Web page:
Homer REED, Petitioner, v. SUPERIOR COURT OF the COUNTY OF LOS ANGELES, Respondent; PEOPLE of the State of California, Real Party in Interest.
On August 14, 1965, a police officer observed petitioner and another man inside a store building located in what was described as the disaster or riot area of south Los Angeles. The front windows and door of the building had been broken out, affording easy access to the store, the back door was open, and the interior had recently been burned. The building contained foodstuffs such as are ordinarily found in markets. Most of the shelves and display racks were broken down and merchandise was piled in scattered heaps on the ground, although there were still items on some shelves. When first observed by the officer, petitioner was picking up a cardboard box or taking it from the hands of the other man. He was carrying the box when the officer entered the building and set it down when the officer approached him. Petitioner and the other man were arrested within the building and nothing was removed from the premises by either of them.
Petitioner was charged with burglary and held to answer after a preliminary hearing in the municipal court. By this proceeding in prohibition, he seeks to restrain respondent court from proceeding with his trial, contending that the evidence was insufficient to constitute reasonable or probable cause for his commitment. Petitioner argues that there was no evidence that he entered the building with intent to commit theft, no evidence of ownership of the cardboard box, and no evidence that he did not have permission to enter the premises.
Burglary is the entry into a building with intent to commit theft or any felony. (Pen.Code, § 459.) The corpus delicti of a burglary may be proved by circumstantial evidence (People v. Conley, 220 Cal.App.2d 296, 299, 33 Cal.Rptr. 866; People v. Garrow, 130 Cal.App.2d 75, 278 P.2d 475), and the intent with which an entry was made is usually inferred from the surrounding circumstances (People v. Cloninger, 165 Cal.App.2d 86, 331 P.2d 441; People v. Stewart, 113 Cal.App.2d 687, 248 P.2d 768; People v. Fitch, 73 Cal.App.2d 825, 167 P.2d 211). For example, it has been held that the burglarious intent necessary to sustain a conviction can be inferred from unlawful or forcible entry alone. (People v. Michaels, 193 Cal.App.2d 194, 13 Cal.Rptr. 900; People v. Stewart, supra; People v. Fitch, supra.) Among other circumstances from which such an intent has been inferred are the presence within the building of merchandise ‘of such character as is daily consumed by human beings' (People v. Martone, 38 Cal.App.2d 392, 394, 101 P.2d 537, 538; People v. Michaels, supra), the moving of merchandise within the building itself (People v. Fitch, supra), and the lack of an explanation of intent by a person entering a building in an unusual manner or under suspicious circumstances (People v. Soto, 53 Cal. 415; People v. Martone, supra.)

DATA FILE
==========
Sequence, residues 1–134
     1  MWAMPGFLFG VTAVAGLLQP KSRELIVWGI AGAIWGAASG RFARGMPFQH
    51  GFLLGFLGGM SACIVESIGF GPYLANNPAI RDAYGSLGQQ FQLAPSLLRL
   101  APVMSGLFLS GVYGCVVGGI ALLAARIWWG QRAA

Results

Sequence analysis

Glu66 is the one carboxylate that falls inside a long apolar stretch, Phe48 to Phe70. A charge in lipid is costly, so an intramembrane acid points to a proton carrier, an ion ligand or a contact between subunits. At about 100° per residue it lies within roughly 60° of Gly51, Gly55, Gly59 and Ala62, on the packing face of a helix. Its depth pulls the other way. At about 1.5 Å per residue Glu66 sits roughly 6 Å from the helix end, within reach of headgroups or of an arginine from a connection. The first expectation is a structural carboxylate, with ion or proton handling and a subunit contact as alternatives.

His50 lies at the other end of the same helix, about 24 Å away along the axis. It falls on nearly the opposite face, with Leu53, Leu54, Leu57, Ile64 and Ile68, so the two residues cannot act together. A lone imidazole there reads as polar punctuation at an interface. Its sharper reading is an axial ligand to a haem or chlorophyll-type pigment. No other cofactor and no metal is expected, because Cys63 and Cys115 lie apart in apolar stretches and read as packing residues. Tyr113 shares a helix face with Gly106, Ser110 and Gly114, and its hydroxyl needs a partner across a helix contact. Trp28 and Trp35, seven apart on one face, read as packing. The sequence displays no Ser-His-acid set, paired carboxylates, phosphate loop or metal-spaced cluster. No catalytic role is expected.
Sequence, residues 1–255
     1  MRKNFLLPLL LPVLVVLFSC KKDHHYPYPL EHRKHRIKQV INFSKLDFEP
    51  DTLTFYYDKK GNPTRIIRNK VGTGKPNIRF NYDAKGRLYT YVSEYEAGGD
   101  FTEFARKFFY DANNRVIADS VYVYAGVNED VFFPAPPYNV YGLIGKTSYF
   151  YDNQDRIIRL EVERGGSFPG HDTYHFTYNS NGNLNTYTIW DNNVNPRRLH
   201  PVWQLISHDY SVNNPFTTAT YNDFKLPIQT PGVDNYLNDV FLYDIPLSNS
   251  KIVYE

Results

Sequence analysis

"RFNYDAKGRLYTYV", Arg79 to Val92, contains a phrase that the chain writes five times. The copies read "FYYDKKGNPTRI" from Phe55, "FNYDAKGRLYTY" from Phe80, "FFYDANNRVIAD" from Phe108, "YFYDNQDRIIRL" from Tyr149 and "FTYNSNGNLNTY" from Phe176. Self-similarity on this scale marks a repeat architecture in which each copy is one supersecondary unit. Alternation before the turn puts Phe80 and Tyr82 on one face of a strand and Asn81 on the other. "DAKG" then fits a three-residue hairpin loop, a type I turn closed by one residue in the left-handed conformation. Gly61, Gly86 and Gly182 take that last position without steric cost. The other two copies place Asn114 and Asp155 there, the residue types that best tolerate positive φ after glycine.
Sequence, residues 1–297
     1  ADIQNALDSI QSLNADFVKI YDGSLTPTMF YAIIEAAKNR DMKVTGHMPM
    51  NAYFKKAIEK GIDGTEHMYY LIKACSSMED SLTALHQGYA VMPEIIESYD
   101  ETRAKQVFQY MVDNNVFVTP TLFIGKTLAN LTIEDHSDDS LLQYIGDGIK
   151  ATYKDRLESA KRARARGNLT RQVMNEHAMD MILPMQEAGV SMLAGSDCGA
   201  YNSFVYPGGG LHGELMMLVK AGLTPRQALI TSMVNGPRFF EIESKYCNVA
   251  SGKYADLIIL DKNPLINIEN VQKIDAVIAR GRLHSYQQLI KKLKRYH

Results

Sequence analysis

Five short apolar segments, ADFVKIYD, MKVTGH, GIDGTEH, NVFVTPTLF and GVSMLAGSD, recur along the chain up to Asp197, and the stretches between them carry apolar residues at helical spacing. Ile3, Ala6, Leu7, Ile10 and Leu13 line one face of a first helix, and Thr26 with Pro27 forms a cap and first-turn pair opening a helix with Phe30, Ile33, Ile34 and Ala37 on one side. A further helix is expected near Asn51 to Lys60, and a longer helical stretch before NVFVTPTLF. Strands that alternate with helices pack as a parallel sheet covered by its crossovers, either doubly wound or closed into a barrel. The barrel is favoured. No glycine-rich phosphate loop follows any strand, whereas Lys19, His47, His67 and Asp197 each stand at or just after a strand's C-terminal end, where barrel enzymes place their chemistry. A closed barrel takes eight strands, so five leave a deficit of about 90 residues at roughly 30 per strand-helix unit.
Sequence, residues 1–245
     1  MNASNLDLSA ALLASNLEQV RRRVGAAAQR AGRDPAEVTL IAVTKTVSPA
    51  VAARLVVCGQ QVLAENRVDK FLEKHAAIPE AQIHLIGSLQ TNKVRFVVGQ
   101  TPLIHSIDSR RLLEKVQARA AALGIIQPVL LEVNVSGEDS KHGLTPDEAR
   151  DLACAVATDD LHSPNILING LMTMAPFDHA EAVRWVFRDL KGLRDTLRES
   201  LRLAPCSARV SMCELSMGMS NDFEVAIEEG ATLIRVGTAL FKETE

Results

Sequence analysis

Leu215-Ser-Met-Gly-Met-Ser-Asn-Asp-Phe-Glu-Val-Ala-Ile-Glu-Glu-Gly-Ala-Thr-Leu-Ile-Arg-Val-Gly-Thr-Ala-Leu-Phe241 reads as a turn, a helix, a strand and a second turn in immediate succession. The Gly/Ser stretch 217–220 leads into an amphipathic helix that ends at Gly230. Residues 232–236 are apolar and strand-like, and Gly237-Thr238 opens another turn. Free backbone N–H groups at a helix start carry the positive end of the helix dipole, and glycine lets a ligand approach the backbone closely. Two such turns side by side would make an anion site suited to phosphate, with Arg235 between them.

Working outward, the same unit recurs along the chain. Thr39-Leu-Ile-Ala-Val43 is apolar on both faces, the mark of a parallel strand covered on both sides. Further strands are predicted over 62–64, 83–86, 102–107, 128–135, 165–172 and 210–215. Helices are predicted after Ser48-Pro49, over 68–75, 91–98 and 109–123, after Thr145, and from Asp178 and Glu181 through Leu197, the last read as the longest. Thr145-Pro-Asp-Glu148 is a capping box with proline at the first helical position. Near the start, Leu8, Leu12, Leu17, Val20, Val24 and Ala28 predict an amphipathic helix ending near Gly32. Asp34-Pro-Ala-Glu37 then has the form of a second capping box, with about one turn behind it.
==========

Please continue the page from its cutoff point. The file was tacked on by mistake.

In the present case, it is not suggested that petitioner forcibly broke into the building. The building apparently had been previously broken into and set afire by other persons. However, petitioner's presence in such a building, his entry therein at a time when the store was obviously not open for business, the presence in the building of merchandise of the type described, the lack of explanation for petitioner's presence, and his conduct with relation to the cardboard box were circumstances from which the magistrate could properly infer that petitioner entered with intent to commit petty theft. The evidence which will justify a prosecution need not be sufficient to support a conviction. (Lorenson v. Superior Court, 35 Cal.2d 49, 56, 216 P.2d 859.) It need only show ‘such a state of facts as would lead a man of ordinary caution or prudence to believe and conscientiously entertain a strong suspicion’ that a crime has been committed and that the defendant is guilty. (Rogers v. Superior Court, 46 Cal.2d 3, 7–8, 291 P.2d 929, 932; Garabedian v. Superior Court, 59 Cal.2d 124, 126–127, 28 Cal.rptr. 318, 378 P.2d 590.) The fact that neither petitioner nor the other man seen in the market actually took anything is not controlling. (People v. Garrow, supra, 130 Cal.App.2d 75, 84, 278 P.2d 475; People v. Winters, 93 Cal. 277, 28 P. 946; People v. Soto, supra.) The absence of a direct showing that petitioner had no permission to enter the building, a showing which is usually made in cases of this nature, does not bar prosecution since lack of permission may be inferred from the surrounding circumstances (People v. De Soto, 33 Cal.App.2d 478, 92 P.2d 466), and it is the intent with which the entry was made and not the fact that entry was uninvited which determines whether the offense of burglary was committed.
The alternative writ is discharged and the petition is denied.
KATZ, Justice pro tem.* FN* Assigned by the Chairman of the Judicial Council.
HERNDON, Acting P. J., and FLEMING, J., concur.